Human Rights For Real

We are all for freedom and for human rights in general. But we also know that our commitment to insure that people live in free societies with human rights is often compromised, consciously and unconsciously, by both our individual and national self-interests. We buy and enjoy consumer goods that we know are produced in places (China) where dissidents like Noble Peace Prize Laureat Liu Xiaobo are imprisoned, we have alliances with and approve of massive arm sales to places (Saudi Arabia) where repression of the most basic human rights is the law, and we don’t care about billions of dollars of aid going to countries (Egypt) that imprison journalists like Peter Greste, yet alone where millions of women suffer female circumcision. Life is complicated and compromising values we hold dear and claim are sacred – for the sake of our self-interest, or making tradeoffs as they are sometime called – is inevitable.

But, every so often you meet someone who reminds you that “inevitable” is a choice we make, not an inescapable fate. A couple of months ago I met David Keyes, the executive director of Advancing Human Rights, an organization that connects and empowers dissidents in authoritarian countries. It provides technology to human rights activists in order to make their voices heard, and advocacy to leverage the U.S. government and other democratic societies for change.

Recently, David launched a new crowd-sourcing human rights platform where dissidents and human rights activists can access a growing network of lawyers, publicists, journalists, and human rights advocates to help on a range of tasks from seeking asylum, organizing their efforts, or just getting the word out to the world about their struggle. He has also launched CyberDissidents an online database of active dissidents and their writing. David is at the forefront of using technology to explore new strategies in the fight for human rights for those living under authoritarian regimes.

It isn’t easy to listen to David because he does not let you get away with sloppy thinking nor easy living… he demands we take seriously what our conscience knows about being on the right side of history.

To meet David is to meet someone cool, calm, and rational with fierce arguments and profound stories that rattle your mind and shake up your heart. His passion for human rights is neither liberal nor conservative: it is uncompromisingly principled and always comes with a human face. He doesn’t accept arguments about cultural context or “respecting” local traditions that often compromise liberal commitments to human rights, nor does he accept real-politic arguments about national self-interest and security that compromise human rights on the conservative side. David argues in the name of those mostly unheard-from dissidents in all dictatorships who risk everything to fight for a society that respects human rights.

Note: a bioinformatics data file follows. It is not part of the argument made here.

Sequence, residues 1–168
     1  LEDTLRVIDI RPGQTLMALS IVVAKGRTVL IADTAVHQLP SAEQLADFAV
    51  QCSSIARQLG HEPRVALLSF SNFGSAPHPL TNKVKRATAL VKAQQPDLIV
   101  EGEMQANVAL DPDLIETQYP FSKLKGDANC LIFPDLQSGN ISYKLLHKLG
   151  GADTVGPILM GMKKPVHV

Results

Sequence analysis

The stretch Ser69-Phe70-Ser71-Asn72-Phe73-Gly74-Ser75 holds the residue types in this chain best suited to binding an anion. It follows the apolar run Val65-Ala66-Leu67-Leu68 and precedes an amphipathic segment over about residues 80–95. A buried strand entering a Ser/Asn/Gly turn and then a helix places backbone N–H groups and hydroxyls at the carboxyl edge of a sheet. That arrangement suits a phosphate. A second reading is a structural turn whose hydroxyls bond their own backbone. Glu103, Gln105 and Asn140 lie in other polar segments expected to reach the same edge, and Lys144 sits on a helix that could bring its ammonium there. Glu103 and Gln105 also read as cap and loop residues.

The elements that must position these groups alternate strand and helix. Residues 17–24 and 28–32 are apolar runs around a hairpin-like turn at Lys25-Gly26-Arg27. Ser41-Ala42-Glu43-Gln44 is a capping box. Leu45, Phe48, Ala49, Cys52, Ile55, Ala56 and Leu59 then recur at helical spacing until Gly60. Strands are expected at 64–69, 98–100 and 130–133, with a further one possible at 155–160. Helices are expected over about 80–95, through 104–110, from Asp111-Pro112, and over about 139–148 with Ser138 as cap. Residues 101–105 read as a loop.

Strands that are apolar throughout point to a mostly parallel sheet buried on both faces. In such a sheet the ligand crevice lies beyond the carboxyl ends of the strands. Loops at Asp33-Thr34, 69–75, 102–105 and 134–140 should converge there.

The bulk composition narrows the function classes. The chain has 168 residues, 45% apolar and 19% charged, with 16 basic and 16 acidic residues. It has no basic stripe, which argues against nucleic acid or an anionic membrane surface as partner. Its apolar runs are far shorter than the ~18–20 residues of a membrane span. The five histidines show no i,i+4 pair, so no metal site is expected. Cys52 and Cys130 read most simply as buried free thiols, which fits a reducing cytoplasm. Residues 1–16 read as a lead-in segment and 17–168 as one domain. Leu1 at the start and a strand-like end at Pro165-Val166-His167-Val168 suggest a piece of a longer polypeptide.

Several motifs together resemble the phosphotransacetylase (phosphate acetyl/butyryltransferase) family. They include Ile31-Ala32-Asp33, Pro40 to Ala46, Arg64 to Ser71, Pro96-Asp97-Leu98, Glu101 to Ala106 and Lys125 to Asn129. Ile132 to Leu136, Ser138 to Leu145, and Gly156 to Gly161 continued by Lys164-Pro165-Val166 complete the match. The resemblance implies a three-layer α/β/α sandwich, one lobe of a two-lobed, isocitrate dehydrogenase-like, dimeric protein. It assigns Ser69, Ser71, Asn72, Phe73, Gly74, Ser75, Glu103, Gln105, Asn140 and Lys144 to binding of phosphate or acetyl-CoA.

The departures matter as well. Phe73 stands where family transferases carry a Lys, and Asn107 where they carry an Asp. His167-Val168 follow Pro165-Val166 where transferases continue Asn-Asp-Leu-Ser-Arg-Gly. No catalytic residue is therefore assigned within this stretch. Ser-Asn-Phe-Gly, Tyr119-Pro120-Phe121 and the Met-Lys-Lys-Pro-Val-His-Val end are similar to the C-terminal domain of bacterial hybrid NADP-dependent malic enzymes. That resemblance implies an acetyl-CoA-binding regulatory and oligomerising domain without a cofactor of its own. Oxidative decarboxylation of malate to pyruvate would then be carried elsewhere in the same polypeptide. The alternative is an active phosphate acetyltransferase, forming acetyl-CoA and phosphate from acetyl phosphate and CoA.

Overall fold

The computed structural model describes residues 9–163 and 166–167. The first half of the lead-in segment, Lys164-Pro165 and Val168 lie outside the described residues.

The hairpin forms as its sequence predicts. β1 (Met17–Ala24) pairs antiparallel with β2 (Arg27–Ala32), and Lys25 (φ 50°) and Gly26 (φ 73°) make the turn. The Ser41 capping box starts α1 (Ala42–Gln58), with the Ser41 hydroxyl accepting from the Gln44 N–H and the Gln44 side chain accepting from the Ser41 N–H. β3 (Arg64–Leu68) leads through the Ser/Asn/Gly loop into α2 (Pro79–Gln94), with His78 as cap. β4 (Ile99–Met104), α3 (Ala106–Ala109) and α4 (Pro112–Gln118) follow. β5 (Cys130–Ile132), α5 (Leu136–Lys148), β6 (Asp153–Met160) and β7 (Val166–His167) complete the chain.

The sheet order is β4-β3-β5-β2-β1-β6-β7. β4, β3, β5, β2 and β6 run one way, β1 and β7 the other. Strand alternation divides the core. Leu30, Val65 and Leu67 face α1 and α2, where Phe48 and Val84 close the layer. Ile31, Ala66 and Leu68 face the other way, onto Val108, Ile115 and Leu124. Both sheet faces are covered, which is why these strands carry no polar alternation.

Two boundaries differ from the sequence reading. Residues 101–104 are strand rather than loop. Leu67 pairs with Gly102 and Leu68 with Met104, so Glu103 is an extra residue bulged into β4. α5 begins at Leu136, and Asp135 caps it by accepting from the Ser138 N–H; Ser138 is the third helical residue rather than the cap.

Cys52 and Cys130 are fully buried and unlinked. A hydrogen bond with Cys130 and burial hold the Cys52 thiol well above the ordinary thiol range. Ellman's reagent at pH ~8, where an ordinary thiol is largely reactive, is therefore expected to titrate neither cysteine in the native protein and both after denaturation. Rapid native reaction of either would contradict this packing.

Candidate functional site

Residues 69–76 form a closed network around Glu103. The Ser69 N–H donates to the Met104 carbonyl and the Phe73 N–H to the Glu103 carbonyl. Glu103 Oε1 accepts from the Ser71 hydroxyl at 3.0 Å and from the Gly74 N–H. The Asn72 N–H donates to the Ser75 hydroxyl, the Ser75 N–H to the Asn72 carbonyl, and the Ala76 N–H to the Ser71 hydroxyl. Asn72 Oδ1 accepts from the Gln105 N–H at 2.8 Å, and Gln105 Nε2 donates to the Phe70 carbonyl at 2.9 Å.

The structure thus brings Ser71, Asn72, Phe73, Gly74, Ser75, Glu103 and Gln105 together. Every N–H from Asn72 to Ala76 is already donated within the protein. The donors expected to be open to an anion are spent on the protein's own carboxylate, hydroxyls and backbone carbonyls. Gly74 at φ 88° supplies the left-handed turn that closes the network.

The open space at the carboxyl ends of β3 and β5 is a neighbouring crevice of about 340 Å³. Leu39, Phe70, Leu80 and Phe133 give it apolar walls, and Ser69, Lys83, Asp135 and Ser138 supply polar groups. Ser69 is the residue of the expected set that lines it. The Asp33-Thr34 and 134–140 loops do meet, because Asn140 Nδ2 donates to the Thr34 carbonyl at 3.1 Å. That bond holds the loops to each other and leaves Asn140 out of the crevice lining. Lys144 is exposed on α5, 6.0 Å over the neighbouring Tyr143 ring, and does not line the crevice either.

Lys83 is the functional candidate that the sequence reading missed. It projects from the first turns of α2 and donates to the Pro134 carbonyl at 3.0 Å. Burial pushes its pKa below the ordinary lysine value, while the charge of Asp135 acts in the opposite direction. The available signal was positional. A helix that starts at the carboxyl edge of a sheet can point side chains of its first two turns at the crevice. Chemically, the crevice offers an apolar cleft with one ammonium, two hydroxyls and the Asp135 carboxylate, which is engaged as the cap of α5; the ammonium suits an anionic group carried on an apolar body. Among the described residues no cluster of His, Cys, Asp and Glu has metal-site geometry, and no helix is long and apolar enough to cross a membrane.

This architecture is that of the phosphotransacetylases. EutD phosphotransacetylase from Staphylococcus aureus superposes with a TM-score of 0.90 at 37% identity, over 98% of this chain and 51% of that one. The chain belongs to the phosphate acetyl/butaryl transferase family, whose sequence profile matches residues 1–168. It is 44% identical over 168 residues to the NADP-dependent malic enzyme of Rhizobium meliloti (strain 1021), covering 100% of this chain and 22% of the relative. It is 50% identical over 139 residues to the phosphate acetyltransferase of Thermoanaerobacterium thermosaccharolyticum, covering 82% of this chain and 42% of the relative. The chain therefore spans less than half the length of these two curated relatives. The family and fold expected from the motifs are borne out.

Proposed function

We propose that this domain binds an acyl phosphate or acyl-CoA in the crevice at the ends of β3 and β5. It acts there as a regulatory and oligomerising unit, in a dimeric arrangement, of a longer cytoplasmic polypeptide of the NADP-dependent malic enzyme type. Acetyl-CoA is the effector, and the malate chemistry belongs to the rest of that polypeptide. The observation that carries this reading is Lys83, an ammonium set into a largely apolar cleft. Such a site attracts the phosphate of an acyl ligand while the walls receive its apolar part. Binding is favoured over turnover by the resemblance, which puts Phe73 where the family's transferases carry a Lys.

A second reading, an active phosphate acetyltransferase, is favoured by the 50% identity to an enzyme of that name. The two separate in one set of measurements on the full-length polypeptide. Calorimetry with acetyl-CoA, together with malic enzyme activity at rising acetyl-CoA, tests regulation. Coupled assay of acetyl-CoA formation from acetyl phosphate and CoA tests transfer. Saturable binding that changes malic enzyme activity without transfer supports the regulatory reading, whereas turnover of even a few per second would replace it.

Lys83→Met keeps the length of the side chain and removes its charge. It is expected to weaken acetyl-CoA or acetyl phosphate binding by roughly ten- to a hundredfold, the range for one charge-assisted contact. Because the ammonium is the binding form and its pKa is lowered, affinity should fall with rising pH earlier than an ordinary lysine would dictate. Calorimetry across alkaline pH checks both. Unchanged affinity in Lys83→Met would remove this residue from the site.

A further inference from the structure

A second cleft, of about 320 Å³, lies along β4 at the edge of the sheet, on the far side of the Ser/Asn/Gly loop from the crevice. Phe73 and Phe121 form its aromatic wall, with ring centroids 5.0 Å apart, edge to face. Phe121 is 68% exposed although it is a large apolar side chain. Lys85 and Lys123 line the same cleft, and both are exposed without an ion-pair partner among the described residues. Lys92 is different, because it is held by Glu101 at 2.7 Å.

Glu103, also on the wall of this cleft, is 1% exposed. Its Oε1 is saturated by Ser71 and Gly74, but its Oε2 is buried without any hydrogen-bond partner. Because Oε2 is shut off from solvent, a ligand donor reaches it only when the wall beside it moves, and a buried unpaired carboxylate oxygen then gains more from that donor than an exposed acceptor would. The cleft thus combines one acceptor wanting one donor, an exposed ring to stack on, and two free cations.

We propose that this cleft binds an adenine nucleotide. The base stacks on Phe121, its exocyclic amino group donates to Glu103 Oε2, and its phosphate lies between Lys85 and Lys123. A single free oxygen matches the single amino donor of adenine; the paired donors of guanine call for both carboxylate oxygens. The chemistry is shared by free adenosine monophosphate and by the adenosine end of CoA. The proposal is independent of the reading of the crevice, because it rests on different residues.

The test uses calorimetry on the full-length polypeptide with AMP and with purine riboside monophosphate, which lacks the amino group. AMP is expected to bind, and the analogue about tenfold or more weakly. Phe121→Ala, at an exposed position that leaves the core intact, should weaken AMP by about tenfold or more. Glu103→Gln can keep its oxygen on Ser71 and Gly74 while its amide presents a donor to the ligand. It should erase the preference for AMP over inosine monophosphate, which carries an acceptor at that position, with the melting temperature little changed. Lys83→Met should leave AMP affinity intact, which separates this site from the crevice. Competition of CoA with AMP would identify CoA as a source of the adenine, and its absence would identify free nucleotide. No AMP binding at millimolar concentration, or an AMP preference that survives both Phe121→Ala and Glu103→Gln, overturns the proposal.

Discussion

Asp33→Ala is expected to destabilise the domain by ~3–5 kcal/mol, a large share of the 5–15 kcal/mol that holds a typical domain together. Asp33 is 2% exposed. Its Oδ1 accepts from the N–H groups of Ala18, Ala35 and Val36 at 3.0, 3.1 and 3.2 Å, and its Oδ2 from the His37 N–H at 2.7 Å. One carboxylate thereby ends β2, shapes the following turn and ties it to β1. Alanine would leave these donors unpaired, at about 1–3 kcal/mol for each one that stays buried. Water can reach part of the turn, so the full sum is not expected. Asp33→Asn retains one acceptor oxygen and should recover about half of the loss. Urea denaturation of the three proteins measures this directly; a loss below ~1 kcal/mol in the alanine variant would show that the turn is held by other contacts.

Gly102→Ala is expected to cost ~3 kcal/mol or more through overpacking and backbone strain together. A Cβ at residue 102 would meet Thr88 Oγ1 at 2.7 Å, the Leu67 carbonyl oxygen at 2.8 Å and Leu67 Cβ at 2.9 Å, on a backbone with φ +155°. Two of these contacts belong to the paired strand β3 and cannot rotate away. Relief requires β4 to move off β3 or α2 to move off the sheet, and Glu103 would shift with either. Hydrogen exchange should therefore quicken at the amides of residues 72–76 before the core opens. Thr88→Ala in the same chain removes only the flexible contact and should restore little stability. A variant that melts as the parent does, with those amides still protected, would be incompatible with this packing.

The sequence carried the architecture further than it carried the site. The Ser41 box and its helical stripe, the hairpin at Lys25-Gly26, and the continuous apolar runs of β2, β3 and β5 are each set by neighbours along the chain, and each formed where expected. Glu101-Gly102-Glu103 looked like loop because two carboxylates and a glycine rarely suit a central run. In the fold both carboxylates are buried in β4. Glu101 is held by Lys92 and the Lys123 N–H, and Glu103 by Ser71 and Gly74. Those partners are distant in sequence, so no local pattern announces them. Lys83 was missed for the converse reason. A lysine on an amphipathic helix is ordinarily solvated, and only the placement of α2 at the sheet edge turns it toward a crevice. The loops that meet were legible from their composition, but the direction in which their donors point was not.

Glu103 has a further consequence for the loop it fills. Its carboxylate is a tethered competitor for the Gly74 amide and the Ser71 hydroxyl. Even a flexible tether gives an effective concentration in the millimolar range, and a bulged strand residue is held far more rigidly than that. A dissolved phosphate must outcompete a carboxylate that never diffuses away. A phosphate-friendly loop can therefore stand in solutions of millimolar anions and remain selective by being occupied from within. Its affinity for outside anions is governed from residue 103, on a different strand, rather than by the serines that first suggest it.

As millions of people increasingly demand freedom around the world and authoritarian governments and terrorist networks respond by tightening their grip, David’s clarion call – on ethical, political, economic, and long-term security grounds – is that economic and military aid from democracies should be provided only if linked to improvements of human rights. It isn’t easy to listen to David because he does not let you get away with sloppy thinking nor easy living. With clarity and foresight, with humor, irreverence and charisma as much as with facts, figures, and politically and philosophically sophisticated arguments, he demands we take seriously what our conscience knows about being on the right side of history.

One of his most recent campaigns to pressure regimes is Dissident Squared – encouraging policy-makers around the world to rename the streets in front of the embassies of dictatorships after political prisoners. This way, any time someone walks in and out of the embassy or writes about or sends something to the embassy, they are confronted with the face and name of dissidents in prison. This keeps the names of dissidents in the public awareness, which is often critical not simply to help get dissidents released but to keep them alive.

Daivd is now attempting to rename the street outside Iran’s mission to the United Nations in New York after Majid Tavakoli, an Iranian student leader and political prisoner. With the November 24th deadline on the Iran nuclear negotiations fast approaching, David argues that the thousands of journalists, bloggers, dissidents, lawyers and women’s rights activist jailed in Iran should be an issue. Many disagree.

What do you think?

Do nuclear negotiations and human rights have anything to do with each other?

Does a country’s standard of human rights make any difference in its trustworthiness in signing agreements?

Should human rights be considered a national interest in our foreign policy?

I don’t know. But I do know David makes me wrestle and makes me wiser. He embodies and witnesses the truth of JFK’s insight, “the rights of every man are diminished when the rights of one man are threatened.”

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